Category: Child / Adolescent - Depression

PS14- #A14 - Latent Transition Analysis of Readiness to Change in CBT for Depressed Adolescents

Saturday, Nov 18
4:00 PM – 5:00 PM
Location: Indigo Ballroom CDGH, Level 2, Indigo Level

Keywords: Adolescent Depression | Statistics | Motivation

DiClemente and Prochaska (1982) developed the construct of readiness to change, which has been identified as a mediator of treatment outcomes. In their model, readiness to change drives behavior change, and is thought of as dynamic, fluctuating between four stages: precontemplation, contemplation, action, and maintenance. Currently, there is a lack of research evaluating the fluctuation between different stages over the course of treatment, with the exception of behavioral health research (e.g., smoking).  The present study aimed to address this gap in the literature within a randomized controlled trial, the Treatment for Adolescents with Depression Study (March et al., 2004). Specifically, two aims were articulated: (1) explore the prevalence of stage memberships and transitions over time, (2) evaluate predictors of stage membership and stage transitions. Participants were 418 adolescents (aged 12-17) that had a primary diagnosis of Major Depressive Disorder. In order to measure readiness to change, The Stages of Change Questionnaire (SOCQ) was used. The SOCQ is an 18-item self-report scale that was administered at baseline and week 6 of treatment. Latent transition analysis was used to examine movement between stages of change from baseline to week six of treatment and to evaluate predictors of stage membership and stage transitions. Stage membership was classified by accounting for their highest subscale score. Results revealed that, overall, adolescents can regress, stay, or progress stages from baseline to week 6 of treatment. Specifically, the majority of adolescents stayed in precontemplation (59.1%) and contemplation (40.7%). However, those who started in action (17.2%) and maintenance (17.2%) stages tended to mostly regress in the first six weeks of treatment. A small amount progressed from precontemplation to contemplation (22.8%), from contemplation to action (11.7%), and from precontemplation to maintenance (10.4%). More intriguing, a large majority regressed from action to contemplation (45.1%), from action to precontemplation (41.5%), from maintenance to precontemplation (41.0%), from maintenance to contemplation (35.2%), and from action to contemplation (30.2%). All other transitions were below 10%. Hopelessness emerged as a predictor of stage membership, as well as a predictor of stage transitions. Number of comorbidities was also a predictor of stage transitions. This study demonstrated that stages of change in adolescents is a dynamic construct that can shift within a few weeks. Additionally, this study underscored that readiness to change is not linear. Given that previous studies have linked the action stage to positive treatment outcomes and the precontemplation stage to treatment dropout (Callaghan et al., 2005; Lewis et al., 2009; May et al., 2007), therapists might need to pay close attention to regressions that might occur within the first few weeks of treatment, particularly with clients with high levels of hopelessness and comorbidity. Aim of our future work will be to evaluate the link between stage transitions and treatment outcome.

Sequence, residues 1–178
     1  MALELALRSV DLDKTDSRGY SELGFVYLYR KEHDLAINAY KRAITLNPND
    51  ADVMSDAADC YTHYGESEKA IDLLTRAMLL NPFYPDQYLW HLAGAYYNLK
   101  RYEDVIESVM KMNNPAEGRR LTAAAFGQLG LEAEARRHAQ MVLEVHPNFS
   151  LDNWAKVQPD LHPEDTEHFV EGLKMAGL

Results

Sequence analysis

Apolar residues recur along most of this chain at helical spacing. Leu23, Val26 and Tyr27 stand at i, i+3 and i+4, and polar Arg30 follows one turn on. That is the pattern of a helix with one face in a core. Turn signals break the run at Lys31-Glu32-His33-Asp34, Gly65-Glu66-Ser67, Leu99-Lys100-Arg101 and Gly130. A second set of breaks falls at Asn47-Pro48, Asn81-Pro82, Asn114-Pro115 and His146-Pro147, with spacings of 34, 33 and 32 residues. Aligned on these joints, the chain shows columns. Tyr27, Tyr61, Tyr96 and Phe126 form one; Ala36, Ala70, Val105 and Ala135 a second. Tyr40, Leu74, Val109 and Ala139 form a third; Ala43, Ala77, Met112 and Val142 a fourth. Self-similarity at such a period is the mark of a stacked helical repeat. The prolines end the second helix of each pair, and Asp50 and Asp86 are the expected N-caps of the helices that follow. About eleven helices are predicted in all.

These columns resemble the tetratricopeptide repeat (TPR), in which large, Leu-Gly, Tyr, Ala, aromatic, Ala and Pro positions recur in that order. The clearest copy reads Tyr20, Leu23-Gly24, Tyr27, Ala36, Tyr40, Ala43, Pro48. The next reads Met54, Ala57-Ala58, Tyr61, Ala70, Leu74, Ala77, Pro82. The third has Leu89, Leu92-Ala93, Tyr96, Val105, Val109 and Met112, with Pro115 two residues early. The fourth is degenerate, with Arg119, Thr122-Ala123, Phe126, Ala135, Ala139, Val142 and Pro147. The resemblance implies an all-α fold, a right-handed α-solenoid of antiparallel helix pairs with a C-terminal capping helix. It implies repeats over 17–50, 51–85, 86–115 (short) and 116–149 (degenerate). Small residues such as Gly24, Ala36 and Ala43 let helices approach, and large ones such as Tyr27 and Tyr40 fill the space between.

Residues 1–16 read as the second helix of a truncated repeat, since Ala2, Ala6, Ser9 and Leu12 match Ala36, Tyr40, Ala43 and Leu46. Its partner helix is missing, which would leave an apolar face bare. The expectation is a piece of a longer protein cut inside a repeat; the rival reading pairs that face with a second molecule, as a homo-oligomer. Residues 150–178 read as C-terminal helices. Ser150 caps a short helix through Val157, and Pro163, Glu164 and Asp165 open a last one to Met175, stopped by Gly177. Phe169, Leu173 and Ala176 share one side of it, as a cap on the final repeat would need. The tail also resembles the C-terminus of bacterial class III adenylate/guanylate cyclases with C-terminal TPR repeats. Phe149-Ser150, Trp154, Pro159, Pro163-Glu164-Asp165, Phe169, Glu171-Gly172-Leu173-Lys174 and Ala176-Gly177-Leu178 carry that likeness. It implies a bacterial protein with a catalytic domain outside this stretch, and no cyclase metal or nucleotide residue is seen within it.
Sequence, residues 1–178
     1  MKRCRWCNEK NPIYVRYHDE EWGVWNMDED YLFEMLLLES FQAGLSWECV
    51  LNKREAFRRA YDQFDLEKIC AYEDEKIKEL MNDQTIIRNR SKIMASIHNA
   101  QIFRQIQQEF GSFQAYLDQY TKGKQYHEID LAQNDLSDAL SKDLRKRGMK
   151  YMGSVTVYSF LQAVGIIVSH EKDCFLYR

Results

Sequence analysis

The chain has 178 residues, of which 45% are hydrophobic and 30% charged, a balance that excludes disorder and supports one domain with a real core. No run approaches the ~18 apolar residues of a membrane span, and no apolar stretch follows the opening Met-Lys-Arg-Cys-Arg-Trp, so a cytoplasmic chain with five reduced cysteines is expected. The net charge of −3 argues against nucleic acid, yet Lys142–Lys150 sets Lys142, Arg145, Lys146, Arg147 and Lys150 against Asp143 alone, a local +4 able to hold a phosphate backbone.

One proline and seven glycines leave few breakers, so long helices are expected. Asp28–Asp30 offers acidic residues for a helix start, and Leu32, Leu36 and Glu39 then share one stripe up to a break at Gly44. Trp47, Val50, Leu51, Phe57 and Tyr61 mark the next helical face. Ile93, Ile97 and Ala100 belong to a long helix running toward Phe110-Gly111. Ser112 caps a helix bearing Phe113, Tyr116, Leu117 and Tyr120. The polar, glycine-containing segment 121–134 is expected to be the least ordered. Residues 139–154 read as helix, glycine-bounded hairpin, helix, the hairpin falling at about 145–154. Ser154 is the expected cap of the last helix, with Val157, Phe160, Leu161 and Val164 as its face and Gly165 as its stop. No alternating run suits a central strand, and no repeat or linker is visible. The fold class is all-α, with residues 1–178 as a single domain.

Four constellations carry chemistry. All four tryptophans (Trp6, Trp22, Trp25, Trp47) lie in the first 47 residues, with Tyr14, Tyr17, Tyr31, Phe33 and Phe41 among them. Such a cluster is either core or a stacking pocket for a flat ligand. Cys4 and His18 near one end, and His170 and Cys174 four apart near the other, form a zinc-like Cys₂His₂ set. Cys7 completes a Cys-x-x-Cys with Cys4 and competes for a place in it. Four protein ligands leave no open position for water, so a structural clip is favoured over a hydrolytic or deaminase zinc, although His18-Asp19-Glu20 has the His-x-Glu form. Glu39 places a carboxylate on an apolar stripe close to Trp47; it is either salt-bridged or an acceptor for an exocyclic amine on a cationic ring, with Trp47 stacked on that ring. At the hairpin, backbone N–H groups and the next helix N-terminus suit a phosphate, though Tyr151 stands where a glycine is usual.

Natalie Rodriguez-Quintana

Graduate Student
Indiana University
Bloomington, Indiana

Cara C. Lewis

Associate Scientific Investigator
Kaiser Permanente Washington Health Research Institute
Seattle, Washington